Scandalous: The Cross and Resurrection of Jesus, by one of my favorite New Testament scholars and theologians, Dr. D.A. Carson is a great read for Holy Week, or anytime.  Dr. Carson, Research Professor of New Testament at Trinity Evangelical Divinity School since 1978, has penned over 50 books.  In Scandalous, Carson has written a work on the cross and the resurrection suitable for individual or small group study, as well as meditation and reflection on the central events of our faith.  He has written with characteristic depth of insight and wisdom.  The chapters of the book are actually a collection of sermons preached by Dr. Carson at Mars Hill Church’s Bible Conference in 2008.

One of my favorite chapters of the book, Chapter 4, is an exposition John 11, Jesus’ raising of Lazarus from the dead.  Carson, in reference to Lazarus of Bethany in John 11:3, and other passages, reflects:

“I do think, though, that it is one of the common features of those who become intimate with Jesus that they think of themselves not as those who love him particularly well, but those who are particularly well loved by him.”

Clearly, Lazarus’ sisters thought of their brother as one well loved by the Master.  How different is this perspective from the image that many Christ-followers have of themselves!  Carson also cites John the apostle, who referred to himself as “the disciple whom Jesus loved,” or some variation, in John 13:23, 20:2, 21:7, and 21:20.  Likewise, Carson notes that the apostle Paul includes the clause “who loved me and gave himself for me” in Galatians 2:20.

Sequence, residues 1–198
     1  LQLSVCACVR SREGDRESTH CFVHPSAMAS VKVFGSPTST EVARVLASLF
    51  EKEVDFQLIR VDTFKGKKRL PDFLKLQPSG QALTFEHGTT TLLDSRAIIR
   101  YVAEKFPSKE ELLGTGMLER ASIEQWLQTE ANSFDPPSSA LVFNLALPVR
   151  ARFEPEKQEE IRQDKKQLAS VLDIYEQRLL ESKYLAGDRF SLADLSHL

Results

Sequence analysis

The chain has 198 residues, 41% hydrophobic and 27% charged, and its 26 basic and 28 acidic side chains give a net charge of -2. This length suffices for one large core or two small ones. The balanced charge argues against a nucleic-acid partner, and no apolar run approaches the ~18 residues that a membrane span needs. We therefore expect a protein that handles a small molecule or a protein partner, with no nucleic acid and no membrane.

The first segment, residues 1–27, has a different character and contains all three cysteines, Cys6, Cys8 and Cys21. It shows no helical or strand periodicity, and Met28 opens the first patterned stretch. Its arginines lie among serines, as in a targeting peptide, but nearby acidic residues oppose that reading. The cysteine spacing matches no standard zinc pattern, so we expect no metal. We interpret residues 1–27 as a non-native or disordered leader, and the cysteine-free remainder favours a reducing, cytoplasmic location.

Although Chapter 4 was my favorite (owing mostly to John 11 being one of my favorite New Testament narratives), Dr. Carson also does great exegetical work with “The Ironies of the Cross” (Matthew 27), “The Center of the Whole Bible” (Romans 3), “The Strange Triumph of A Slaughtered Lamb” (Revelation 12), and “Doubting the Resurrection of Jesus” (John 20).  Like any other study of Carson, the reader will emerge with fresh insights into each of these passages.

When meditating upon the death, burial and resurrection of our Savior, may we be reminded of the Scandalous love that took him to the cross on our behalf.

See also:  The Depth of Christ’s Love, by John Piper.